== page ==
You can either head to the site itself, where you can find a whole load of useful information about debts, personal finances, and loans, or you can book an appointment. Booking a slot online is super easy and only takes a few minutes. Oh, and you can also get some help from people over the phone. It couldn’t be easier. Basically, if you need some help, this could easily be your first port of call.

Book an appointment: Citizens Advice

Debt Remedy

The charity, Step Change, offers an easy three-step Debt Remedy plan. While it may be hard to tell someone about your financial problems, this whole thing can be done online. That means that you don’t need to sit and pour your heart out to a complete stranger. Phew. What’s more, it takes just a couple of minutes to fill in the form and get the help that you need right away.

First of all, you just need to fill in the form and explain what your money situation is like. This includes everything from how much you spend to what your debts are. It might seem a little intrusive, but it’s crucial that you are as honest as possible at this point. Next, it’s time to wait. The Debt Remedy professionals will create an action plan with you that includes a budget. All you have to do is follow their advice to make your way toward being debt free as soon as possible. What’s more, they have live chat and phone lines you can call to get up to date information. Genius.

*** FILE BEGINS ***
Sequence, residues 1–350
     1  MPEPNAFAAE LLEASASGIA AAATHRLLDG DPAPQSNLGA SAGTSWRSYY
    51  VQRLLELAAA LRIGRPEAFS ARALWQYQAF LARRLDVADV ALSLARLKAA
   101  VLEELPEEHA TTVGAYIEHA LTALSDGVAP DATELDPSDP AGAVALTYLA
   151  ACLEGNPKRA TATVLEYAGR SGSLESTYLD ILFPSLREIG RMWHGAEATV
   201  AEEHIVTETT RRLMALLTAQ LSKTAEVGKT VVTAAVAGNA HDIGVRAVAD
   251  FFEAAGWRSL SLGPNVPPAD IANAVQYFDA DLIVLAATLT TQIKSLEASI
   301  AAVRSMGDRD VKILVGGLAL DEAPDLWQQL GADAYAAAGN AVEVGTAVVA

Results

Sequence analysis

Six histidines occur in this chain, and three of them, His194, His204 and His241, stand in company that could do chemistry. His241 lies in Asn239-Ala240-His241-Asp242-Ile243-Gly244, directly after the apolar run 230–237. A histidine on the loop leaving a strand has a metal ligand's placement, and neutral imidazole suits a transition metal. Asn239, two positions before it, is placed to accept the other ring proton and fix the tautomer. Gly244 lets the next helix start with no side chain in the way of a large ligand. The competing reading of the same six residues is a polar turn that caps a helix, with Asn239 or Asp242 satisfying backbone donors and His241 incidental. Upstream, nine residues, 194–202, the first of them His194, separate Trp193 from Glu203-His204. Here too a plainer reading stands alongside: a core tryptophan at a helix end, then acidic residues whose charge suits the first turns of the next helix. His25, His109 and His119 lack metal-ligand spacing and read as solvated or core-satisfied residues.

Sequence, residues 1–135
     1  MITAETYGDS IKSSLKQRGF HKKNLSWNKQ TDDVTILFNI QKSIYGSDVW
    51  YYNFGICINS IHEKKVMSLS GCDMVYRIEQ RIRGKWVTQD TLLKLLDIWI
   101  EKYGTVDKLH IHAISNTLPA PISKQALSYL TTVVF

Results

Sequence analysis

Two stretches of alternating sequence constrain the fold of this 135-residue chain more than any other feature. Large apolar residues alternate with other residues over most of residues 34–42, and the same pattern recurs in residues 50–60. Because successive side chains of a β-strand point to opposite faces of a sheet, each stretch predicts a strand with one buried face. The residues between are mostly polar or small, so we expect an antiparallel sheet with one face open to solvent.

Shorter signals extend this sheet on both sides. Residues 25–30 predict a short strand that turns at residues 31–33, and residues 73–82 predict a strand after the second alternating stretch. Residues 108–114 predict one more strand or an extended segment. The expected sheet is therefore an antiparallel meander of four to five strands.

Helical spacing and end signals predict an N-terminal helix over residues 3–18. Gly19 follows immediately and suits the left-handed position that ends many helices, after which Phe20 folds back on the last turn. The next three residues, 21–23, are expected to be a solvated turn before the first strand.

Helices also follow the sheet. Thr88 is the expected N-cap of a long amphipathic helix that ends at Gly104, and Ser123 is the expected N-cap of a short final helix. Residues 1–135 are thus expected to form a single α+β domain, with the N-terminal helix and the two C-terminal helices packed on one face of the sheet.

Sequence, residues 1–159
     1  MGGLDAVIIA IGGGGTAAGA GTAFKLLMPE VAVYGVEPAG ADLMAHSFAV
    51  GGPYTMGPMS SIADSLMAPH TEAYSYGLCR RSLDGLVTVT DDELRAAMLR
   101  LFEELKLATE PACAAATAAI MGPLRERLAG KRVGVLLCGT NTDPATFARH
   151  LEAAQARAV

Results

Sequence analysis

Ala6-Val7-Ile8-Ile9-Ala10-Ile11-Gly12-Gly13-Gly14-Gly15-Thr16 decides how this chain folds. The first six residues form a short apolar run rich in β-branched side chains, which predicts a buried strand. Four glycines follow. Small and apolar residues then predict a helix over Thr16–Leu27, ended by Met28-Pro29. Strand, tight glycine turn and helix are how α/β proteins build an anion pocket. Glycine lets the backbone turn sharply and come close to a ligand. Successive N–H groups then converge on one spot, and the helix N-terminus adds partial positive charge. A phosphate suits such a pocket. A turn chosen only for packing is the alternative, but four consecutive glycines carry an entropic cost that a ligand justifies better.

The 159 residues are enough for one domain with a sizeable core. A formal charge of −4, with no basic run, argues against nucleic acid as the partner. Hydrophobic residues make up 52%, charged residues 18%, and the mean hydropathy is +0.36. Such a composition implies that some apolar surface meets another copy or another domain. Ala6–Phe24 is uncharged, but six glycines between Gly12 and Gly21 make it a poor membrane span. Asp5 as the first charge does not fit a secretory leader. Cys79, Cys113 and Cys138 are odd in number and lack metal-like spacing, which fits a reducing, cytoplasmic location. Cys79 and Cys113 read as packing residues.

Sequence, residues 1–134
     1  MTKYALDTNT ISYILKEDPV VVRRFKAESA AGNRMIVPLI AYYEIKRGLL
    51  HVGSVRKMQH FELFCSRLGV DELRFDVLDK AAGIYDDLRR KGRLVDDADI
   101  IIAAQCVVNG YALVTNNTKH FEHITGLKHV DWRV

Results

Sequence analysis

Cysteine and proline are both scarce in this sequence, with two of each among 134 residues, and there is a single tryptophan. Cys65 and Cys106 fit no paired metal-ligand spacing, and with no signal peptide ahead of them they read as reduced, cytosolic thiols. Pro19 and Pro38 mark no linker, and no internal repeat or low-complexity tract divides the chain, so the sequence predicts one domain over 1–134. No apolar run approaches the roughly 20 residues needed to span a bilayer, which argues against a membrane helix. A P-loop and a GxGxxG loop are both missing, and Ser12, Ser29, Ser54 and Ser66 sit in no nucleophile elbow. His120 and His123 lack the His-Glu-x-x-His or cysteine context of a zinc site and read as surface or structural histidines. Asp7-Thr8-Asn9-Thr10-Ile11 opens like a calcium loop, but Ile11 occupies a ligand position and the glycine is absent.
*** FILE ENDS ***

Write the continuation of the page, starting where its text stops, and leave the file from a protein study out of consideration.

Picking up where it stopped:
Check it out: Debt Remedy

My Money Steps

Similar to the Debt Remedy system, there’s My Money Steps online. This one is run by the National Debtline and should give you helpful advice that will help you get yourself debt-free. Again, you will need to fill out a form online that should take you no longer than just 20 minutes. Once you’re done, a team of experts will design an action plan that can help you along the way to financial freedom.

Since the advice is tailored to you (rather than just generic tips and tricks), you should find that this service is seriously helpful. Remember, you don’t need to go overboard when it comes to your finances — it’s not about stripping back completely, but working out a plan that works for you and your family. My Money Steps can help you do just that. They offer free, confidential advice that you really can trust.